particular time is a random variable
S
Random Process Terminology

The expected value, ensemble average or mean of
a random process is:

The autocorrelation function (ACF) is:

Autocorrelation is a measure of how alike the random
process is from one time instant to another.

Autocovariance:
{ ¦

∞ −
· · dx x p x t x E t m
t t x
) ( ) ( ) (
{ ¦
∫ ∫

∞ −

∞ −
· ·
2 1 2 1 2 1
) , ( ) ( ) ( ) , (
2 1 2 1 t t t t t t
dx dx x x p x x t x t x E t t φ
µ φ ( , ) ( , ) ( ) ( ) t t t t m t m t
1 2 1 2 1 2
· −
Mean and Autocorrelation

Finding the mean and autocorrelation is not
as hard as it might appear!

Why: because oftentimes a random process can
be expressed as a function of a random variable.

We already know how to work with functions of
random variables.

Example:

This is just a function g(θ ) of θ :

We know how to find the expected value of a
function of a random variable:

To find this you need to know the pdf of θ .
) 2 sin( ) ( θ + π · t t x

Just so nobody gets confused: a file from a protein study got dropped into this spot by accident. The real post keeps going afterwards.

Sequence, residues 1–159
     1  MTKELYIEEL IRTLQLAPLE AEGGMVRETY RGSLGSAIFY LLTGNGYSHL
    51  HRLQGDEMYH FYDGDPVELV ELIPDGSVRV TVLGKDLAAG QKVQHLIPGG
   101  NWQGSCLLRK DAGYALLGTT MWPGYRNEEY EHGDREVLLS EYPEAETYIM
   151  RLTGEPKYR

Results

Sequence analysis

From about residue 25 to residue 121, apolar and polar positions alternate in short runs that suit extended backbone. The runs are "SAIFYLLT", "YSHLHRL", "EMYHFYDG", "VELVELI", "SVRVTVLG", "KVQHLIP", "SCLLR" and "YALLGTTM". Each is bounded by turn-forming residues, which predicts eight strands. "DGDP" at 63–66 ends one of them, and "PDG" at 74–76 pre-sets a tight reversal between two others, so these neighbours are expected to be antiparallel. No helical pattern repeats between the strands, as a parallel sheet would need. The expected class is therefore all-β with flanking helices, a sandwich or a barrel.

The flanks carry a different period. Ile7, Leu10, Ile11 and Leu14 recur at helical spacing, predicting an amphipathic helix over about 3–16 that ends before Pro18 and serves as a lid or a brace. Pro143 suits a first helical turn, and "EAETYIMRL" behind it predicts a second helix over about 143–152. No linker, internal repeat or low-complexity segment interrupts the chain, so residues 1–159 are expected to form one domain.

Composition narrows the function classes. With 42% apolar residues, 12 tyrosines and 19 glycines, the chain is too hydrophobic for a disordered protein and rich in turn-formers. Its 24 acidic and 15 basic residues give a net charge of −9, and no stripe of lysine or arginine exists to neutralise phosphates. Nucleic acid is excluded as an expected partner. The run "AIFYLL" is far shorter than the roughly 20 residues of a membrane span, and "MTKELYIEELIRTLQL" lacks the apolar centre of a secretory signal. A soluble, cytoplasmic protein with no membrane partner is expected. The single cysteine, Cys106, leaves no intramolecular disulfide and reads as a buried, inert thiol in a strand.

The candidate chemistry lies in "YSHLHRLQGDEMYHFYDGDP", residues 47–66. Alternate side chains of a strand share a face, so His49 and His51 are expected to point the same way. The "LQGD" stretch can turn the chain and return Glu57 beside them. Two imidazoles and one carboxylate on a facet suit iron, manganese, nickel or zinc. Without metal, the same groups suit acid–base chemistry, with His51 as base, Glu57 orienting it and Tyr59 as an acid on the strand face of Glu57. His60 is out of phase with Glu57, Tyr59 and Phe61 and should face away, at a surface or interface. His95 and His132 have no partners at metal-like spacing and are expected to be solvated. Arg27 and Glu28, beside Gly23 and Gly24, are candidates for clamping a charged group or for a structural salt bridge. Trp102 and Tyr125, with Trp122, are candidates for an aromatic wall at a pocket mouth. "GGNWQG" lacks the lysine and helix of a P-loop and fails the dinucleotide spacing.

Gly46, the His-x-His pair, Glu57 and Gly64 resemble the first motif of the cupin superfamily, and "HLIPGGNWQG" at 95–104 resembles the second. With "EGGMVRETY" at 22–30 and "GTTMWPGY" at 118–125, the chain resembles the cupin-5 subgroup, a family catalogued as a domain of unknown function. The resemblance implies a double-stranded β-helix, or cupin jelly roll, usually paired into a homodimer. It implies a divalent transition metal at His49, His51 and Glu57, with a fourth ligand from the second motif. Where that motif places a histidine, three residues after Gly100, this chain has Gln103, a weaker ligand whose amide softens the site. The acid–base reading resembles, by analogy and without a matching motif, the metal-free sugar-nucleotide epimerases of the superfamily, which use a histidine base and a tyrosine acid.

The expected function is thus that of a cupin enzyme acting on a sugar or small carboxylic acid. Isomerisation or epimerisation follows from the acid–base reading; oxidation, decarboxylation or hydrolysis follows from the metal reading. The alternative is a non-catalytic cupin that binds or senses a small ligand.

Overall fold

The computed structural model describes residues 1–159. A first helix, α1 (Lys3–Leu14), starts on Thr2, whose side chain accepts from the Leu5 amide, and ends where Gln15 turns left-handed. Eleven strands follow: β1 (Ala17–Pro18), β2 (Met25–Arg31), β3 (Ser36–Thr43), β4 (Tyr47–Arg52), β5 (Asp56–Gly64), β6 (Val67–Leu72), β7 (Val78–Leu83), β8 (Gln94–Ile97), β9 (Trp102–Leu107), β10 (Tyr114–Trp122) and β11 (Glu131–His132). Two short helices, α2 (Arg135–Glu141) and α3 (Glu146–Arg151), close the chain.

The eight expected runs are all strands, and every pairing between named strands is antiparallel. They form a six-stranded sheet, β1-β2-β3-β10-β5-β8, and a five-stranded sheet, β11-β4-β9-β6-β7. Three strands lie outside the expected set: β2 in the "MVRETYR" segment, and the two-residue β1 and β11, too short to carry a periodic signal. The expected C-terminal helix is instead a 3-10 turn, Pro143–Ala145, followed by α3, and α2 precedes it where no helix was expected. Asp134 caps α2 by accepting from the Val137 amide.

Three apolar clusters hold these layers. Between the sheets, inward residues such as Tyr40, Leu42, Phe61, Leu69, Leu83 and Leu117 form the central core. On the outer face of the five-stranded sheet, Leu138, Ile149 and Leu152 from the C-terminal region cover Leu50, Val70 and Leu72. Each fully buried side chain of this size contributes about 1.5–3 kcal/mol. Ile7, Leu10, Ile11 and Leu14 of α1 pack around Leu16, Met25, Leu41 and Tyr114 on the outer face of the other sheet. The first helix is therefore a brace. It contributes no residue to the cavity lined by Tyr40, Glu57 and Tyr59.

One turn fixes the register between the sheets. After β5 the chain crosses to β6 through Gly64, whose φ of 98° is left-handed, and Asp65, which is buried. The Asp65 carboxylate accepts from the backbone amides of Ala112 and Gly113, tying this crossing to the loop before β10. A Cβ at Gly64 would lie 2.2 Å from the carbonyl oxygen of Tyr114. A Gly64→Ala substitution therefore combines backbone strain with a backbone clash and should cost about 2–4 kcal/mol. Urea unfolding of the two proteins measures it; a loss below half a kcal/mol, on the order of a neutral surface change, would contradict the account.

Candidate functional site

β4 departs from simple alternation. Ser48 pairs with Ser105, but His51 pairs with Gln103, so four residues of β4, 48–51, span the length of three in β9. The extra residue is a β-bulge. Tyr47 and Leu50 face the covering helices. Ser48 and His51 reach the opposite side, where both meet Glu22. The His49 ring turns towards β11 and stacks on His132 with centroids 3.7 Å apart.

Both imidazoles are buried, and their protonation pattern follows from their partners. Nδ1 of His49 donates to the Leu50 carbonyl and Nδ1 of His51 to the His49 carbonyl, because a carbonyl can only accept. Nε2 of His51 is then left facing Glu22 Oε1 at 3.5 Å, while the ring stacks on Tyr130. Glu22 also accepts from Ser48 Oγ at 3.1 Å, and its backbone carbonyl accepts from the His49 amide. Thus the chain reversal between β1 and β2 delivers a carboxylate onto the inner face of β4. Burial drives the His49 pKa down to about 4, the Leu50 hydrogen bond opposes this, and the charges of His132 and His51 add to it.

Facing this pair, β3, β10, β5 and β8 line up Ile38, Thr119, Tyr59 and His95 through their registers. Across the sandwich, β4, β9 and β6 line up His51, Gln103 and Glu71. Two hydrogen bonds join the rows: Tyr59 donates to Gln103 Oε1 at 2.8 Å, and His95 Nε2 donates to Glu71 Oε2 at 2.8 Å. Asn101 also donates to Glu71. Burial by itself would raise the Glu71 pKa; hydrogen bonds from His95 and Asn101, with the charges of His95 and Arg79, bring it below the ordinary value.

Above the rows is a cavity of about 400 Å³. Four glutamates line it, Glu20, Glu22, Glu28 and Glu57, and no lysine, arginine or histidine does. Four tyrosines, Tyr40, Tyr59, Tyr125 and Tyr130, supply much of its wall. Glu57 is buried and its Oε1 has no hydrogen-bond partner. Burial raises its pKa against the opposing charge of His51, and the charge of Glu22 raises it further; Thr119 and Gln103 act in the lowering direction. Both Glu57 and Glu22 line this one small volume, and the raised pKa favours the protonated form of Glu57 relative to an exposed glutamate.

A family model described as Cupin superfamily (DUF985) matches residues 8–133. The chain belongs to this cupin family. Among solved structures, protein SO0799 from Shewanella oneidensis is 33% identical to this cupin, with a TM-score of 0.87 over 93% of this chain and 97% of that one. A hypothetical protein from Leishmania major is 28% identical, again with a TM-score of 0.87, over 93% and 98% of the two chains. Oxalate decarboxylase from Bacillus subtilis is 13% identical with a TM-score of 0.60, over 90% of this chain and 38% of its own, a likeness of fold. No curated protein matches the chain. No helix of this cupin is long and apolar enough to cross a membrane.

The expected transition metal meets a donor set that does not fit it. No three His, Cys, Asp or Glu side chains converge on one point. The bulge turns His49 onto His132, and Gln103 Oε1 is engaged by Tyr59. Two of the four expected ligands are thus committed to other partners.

) 2 sin( ) ( θ + π · θ t g
{ ¦ { ¦ { ¦ ) 2 sin( ) ( ) ( θ + π · θ · t E g E t x E
a random variable
An Example

If θ is uniform between 0 and π , then:
{ ¦ ) 2 sin( ) ( θ π + · t E t m
x

∞ −
+ · θ θ θ π
θ
d p t ) ( ) 2 sin(

π
θ

,
`

.
|
π
θ + π ·
0
1
) 2 sin( d t
) 2 cos(
2
t π
π
·
{ ¦ ) 2 sin( ) 2 sin( ) , (
2 1 2 1
θ π θ π φ + + · t t E t t

∞ −
+ + · θ θ θ π θ π
θ
d p t t ) ( ) 2 sin( ) 2 sin(
2 1

π
θ

,
`

.
|
π
θ + π θ + π ·
0
2 1
1
) 2 sin( ) 2 sin( d t t
( ) ) ( 2 cos
2
1
1 2
t t − π ·
( ) πτ τ φ 2 cos
2
1
) ( ·
1 2
where t t − · τ
Stationarity

A process is strict-sense stationary (SSS) if all its joint
densities are invariant to a time shift:

in general, it is difficult to prove that a random process is strict
sense stationary.

A process is wide-sense stationary (WSS) if:

The mean is a constant:

The autocorrelation is a function of time difference only:

If a process is strict-sense stationary, then it is also
wide-sense stationary.
( ) ( )
( ) ( )
( ) ( ) ) ( ),..., ( ), ( ) ( ),..., ( ), (
) ( ), ( ) ( ), (
) ( ) (
0 0 2 1 2 1
0 2 1 2 1
t t x t t x t t x p t x t x t x p
t t x t t x p t x t x p
t t x p t x p
N o x N x
o x x
o x x
+ + + ·
+ + ·
+ ·
x x
m t m · ) (
1 2
2 1
where
) ( ) , (
t t
t t
− ·
·
τ
τ φ φ
Properties of the Autocorrelation
Function

If x(t) is Wide Sense Stationary, then its
autocorrelation function has the following
properties:

Examples:

Which of the following are valid ACF’s?
{ ¦
2
) ( ) 0 ( t x E · φ this is the second moment
) ( ) ( τ φ τ φ − ·